ICU LOS 15.0 [7.00–28.0] 9.00 [5.00–18.0] 0.133
Bold P values are significant (lower than 0.05).
*t test.
Mann–Whitney U test.
Fisher exact test.
APACHE, Acute Physiology And Chronic Health Evaluation version 2; BMI, body mass index; CRP, C-reactive protein.

Hospital Costs

Fixed admission costs accounted for 60.1% of the total costs, leaving the variable costs at 39.9%. Target attainment, compared with target nonattainment, showed a trend toward higher total ICU costs (€44.600 and €28.200, P = 0.103) (Table 2). Furthermore, the same trend was observed in variable costs (€16.500 and €11.800, P = 0.076), RRT costs (€0 and €0, P = 0.065), and medical microbiology costs (€2.270 and €1.840, P = 0.065). Target attainment was significantly associated with the increased transfusion of blood product costs (€1.050 and €229, P = 0.010).

TABLE 2. - Total ICU Costs Split by Cost Categories
Categories Target Attainment (N = 50) Target Nonattainment (N = 29) P
Median IQR1–IQR3 Median IQR1–IQR3 Mann–Whitney U Test Bootstrapped t test
Total €44.600 22.100–70.900 €28.200 16.800–48.000 0.10 0.05
Variable €16.500 8.640–28.900 €11.800 6.610–18.600 0.08 0.04
Fixed admission €29.400 13.600–52.300 €19.600 8.310–34.600 0.23 0.06
Consultation €1.340 549–3.220 €1.780 660–2.780 0.79 0.28
RRT €0 0–0 €0 0–0 0.07 <0.01
Bedside procedures €747 361–1.220 €722 143–1.110 0.55 0.18
Laboratory diagnostics €2.600 1670–4.660 €1.830 947–2.870 0.09 0.03
Radiology €993 476–2.010 €1.130 344–2.610 0.83 0.95
Transfusion €1.050 459–4.650 €229 0–1.470 0.01 0.06
Microbiology €2.270 856–5.690 €1.840 525–3.190 0.06 <0.01
Pathology €0 0–0 €0 0–0 0.68 0.89
Surgery €450 0–2.290 €346 0–1.260 0.58 0.74

The RRT and pathology costs are described as €0, with an IQR of €0–€0. This can be explained by the fact that less than 25% of patients account for all costs in these categories. Total RRT costs for the patients who incurred these costs were €2500 (1610–5850) for target attainment when compared with €1270 (933–1610) for target nonattainment. Similarly, for total pathology costs, these numbers were €245 (66.6–834) for target attainment and 699 (328–703) for target nonattainment. Fixed ICU costs varied marginally according to the need for extracorporeal circulation and disease severity.

On presenting daily costs (Table 3), the aforementioned trends in total, microbiology, and variable costs were no longer observed. Costs associated with the transfusion of blood products were significantly higher in patients with target attainment (€90.60 and €12.70, P = 0.023), with a strong trend toward higher RRT costs in this patient category (0 and 0, P = 0.063). For patients who received RRT, the daily RRT costs were €90.1 (63.6–109) for those with target attainment when compared with €29.3 (24.9–33.8) for those with target nonattainment. The daily costs for pathology were €7.97 (2.85–39.6) for patients with target attainment when compared with €54.1 (39.2–117) for those with target nonattainment, on examining only those patients who incurred costs in this category.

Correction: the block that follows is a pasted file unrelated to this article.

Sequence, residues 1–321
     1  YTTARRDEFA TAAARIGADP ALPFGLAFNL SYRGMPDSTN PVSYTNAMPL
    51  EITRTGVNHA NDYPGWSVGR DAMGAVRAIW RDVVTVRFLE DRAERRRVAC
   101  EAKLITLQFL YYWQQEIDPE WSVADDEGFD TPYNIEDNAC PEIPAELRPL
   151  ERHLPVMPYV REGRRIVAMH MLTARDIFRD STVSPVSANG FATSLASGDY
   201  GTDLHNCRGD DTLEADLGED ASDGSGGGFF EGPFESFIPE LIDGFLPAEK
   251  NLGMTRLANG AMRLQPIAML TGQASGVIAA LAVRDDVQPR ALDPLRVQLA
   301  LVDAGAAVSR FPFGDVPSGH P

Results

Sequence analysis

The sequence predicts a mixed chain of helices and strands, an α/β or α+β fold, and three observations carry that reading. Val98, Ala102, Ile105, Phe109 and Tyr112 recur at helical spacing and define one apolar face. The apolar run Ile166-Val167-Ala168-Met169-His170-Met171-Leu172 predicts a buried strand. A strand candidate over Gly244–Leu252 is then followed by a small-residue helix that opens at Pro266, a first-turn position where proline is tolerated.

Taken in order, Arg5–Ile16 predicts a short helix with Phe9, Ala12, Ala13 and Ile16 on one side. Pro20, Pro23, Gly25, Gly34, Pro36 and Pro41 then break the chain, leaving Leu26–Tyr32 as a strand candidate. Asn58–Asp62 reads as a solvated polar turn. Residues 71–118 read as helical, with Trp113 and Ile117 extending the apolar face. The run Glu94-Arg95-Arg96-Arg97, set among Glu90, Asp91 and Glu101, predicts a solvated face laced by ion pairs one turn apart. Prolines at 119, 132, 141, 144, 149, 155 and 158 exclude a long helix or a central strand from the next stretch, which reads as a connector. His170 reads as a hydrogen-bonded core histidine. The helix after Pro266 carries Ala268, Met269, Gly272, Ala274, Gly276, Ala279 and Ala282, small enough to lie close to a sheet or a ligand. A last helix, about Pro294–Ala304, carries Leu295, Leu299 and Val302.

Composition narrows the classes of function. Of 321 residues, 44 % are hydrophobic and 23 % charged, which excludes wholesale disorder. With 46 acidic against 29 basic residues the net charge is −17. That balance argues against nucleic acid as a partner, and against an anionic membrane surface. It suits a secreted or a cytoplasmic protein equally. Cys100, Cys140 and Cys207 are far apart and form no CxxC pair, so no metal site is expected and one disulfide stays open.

TABLE 3. - Daily ICU Costs Split by Cost Category
Categories Target Attainment (N = 50) Target Nonattainment (N = 29) P
Median IQR1–IQR3 Median IQR1–IQR3 Mann–Whitney U Test Bootstrapped t test
Total €2.680 2.420–3.290 €2.700 2.930–3.370 0.95 0.95
Variable €1.080 889–1.630 €1.090 783–1.570 0.76 0.80
Fixed admission €1.790 1700–1.880 €1.820 1.760–1.890 0.33 0.90
Consultation €98.3 57–163 €111 68–242 0.42 0.25
RRT €0 0–0 €0 0–0 0.06 <0.01
Bedside procedures €48.9 19.1–98.1 €52.9 28.9–83.9 0.85 0.97
Laboratory diagnostics €181 141–232 €164 134–217 0.38 0.66
Radiology €93.2 33.4–167 €86.7 49.5–277 0.45 0.17
Transfusion €90.6 14.4–208 €12.7 0–91.4 0.02 0.16
Microbiology €149 85.3–223 €110 83.7–154 0.17 0.48
Pathology €0 0–0 €0 0–0 0.79 0.80
Surgery €29.2 0–124 €42.7 0–159 0.67 0.31
Bold P values are significant (lower than 0.05).

Cost Determinants

Table 4 describes models 1 and 2. Model 1 shows that target attainment is not a determinant of cost (OR 1.05; CI 0.90–1.23, P = 0.54). However, RRT during ICU admission was a clear predictor of cost (OR, 1.84; CI 1.50–2.27, P = 0.001). On omitting RRT from linear regression (model 2), target attainment was still not a predictor for total costs (OR 1.18 CI 0.98–1.42, P = 0.09). The omission of RRT resulted in a significantly worse prediction of total costs (P < 0.001).